broken knee

Broken Knee (Patellar Fractures)

A patellar fracture is a fracture of the patella, a small bone that sits in front of the knee. It acts as a shield for the knee joint and is therefore susceptible to fractures if you fall on the knee or hit it against the dashboard in a collision with a vehicle. It is a serious injury that can make it difficult or impossible to straighten the knee while walking.

In most patellar fractures, a piece of bone is removed from the site where the injury occurred. Simple patella tendon fractures can be treated by wearing a cast or splint until the bone has healed. For more complex fractures, surgery may be required to restore and stabilize the kneecap and allow a return to function.

Broken Knee Cap Pictures

Underneath are some pictures of a broken knee.

How To Tell If Your Knee Is Broken

Patellar fractures occur when you fall on your knee or get a sharp blow to the knee, such as in a head-on collision with a vehicle in which the kneecap is driven into the dashboard. Patella fractures are the strongest contractions of the quadriceps muscle in the front of the thigh. These are the most direct blows to the front and back of the knee. This is a patella tendon fracture.

Symptoms Of A Broken Knee

Symptoms include:

  • severe pain in the kneecap
  • swelling
  • pain when moving the knee in any direction
  • difficulty stretching the leg or lifting the leg
  • a deformed appearance of the knee (like a broken piece)
  • tenderness when pressing against the knee

Discuss your symptoms and medical history with your doctor so they can examine your knee.

The edge of the fracture can feel as if the skin around the knee has been moved. After the examination, your doctor will determine whether you have hemarthrosis (bleeding in the joint). Blood from the broken bone accumulates in the joint space, causing painful swelling. If you have a large amount of blood on your knee, the doctor will drain it to relieve pain.

broken knee causes

Broken Knee X-Ray

Your doctor may order an X-ray to diagnose your fracture. X-rays provide an image of dense structures such as bones. Your doctor can arrange an X-ray from different angles to look for fractures and see the alignment of the bones.

An X-ray will determine whether you have a Bipartite patella. This forms when a part of the patella doesn’t fully heal along the bony sides of the patella. A bipartite patella is often mistaken for a fracture. X-rays can help identify bipartisanship in the patellas. Many people with this condition have it in both knees, so your doctor may also perform an X-ray of your other knee. In rare circumstances, it is possible a person is born with extra bones in the patella that have not grown properly.

Treatment For Broken Knee

Broken pieces of bone that are too small to fix can be removed. The surgeon can open the skin and insert the broken bone into a metal wire, pin or screw. In some patients, thin wires, pins and screws can be irritating. The broken bone is connected and the opening is closed, and a sterile bandage is placed over the area. The knee is placed in a plaster or other device so that it cannot move until it heals. If the kneecap is broken and cannot be repaired, it can also be removed.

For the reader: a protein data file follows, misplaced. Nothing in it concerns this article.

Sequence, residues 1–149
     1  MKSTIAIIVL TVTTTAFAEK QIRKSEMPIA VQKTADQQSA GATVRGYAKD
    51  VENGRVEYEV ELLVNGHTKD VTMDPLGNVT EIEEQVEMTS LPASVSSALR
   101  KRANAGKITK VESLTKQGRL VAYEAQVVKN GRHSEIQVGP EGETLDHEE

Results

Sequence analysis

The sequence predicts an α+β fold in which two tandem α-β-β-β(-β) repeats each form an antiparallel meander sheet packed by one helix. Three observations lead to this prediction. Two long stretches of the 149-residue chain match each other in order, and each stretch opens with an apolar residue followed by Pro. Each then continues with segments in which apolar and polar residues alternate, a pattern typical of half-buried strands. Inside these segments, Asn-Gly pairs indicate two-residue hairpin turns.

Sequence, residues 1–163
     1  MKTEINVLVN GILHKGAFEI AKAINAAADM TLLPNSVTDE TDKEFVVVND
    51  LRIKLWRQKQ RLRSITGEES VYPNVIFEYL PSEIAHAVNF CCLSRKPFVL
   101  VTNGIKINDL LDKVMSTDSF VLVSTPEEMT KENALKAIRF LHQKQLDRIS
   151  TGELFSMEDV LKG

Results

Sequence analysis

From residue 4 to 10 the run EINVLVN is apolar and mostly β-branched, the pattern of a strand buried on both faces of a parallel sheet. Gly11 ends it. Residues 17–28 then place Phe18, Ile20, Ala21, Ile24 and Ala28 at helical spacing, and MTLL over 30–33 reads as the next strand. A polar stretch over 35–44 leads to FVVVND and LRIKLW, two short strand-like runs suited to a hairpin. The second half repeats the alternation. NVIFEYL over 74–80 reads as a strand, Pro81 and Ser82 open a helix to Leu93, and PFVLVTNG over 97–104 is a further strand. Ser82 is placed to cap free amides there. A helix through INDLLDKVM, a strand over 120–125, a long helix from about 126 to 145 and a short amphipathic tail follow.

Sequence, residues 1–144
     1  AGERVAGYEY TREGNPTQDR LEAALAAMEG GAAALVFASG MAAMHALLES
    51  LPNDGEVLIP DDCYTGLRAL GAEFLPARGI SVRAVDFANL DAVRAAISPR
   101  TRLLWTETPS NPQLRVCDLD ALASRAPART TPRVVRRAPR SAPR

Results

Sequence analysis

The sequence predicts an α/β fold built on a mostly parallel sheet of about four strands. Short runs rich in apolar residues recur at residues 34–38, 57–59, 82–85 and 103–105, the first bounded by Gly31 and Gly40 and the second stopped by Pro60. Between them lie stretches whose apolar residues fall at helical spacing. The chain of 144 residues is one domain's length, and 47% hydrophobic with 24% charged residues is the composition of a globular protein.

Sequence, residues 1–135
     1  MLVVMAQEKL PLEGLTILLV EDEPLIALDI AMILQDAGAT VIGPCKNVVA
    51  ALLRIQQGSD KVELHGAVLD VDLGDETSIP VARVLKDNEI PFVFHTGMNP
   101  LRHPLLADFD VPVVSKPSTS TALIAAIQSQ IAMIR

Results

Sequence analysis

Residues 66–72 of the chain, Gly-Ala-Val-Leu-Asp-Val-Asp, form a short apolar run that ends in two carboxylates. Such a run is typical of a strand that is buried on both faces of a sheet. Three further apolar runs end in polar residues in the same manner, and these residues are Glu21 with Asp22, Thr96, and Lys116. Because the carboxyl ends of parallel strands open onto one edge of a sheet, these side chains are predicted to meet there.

A complete or partial patellectomy is a two-hour procedure in which the kneecap is completely or partially removed. It preserves the quadriceps tendon in the knee, the patellar tendon and other soft tissues around the knee. If your surgeon determines that the fracture is severe enough to repair, he or she will remove the damaged piece of bone. After surgery, you may be able to lengthen your knee, but it can be weak.

knee support

Aftercare And Recovery For Broken Knee

Contact sports or other activities that put a strain on the knee can increase the risk of injury to the kneecap. You should avoid these activities and use knee pads to cushion the impact through contact sports. Learn in physiotherapy how you can prevent knee stress and how a continuous strengthening and conditioning of your leg muscles can help to prevent further knee injuries. When your kneecaps heal, strengthening the muscles in the knee can help prevent further injury also.

Your best training options are low-impact, non-weight stationary bikes and certain weight-lifting programs because the knee cannot absorb the shock. Most fractures will hurt for a few days to a few weeks. Using ice, lifting the affected leg and taking over-the-counter painkillers may be enough to ease the discomfort.

For severe pain, your doctor may prescribe stronger drugs such as opioids for a short time. It is important to take opioids only on the instructions of your doctor and to stop taking them when your pain begins to improve. Remember that opioid drugs can help relieve pain after surgery, but addiction and overdose have become a top public health issue.

Rehabilitation plays an important role in getting you back to your normal activities, regardless of whether surgery was involved or not. In order to recover from a patellar fracture, the affected leg must be immobilised over a longer period of time, which can lead to stiff feelings and muscle wastage. Follow your doctor’s instructions for maintaining your plaster, immobilising and wearing protective supports to keep your knee from moving. During rehabilitation, your doctor or therapist can perform specific exercises to improve knee motion, strengthen your leg muscles and reduce stiffness.

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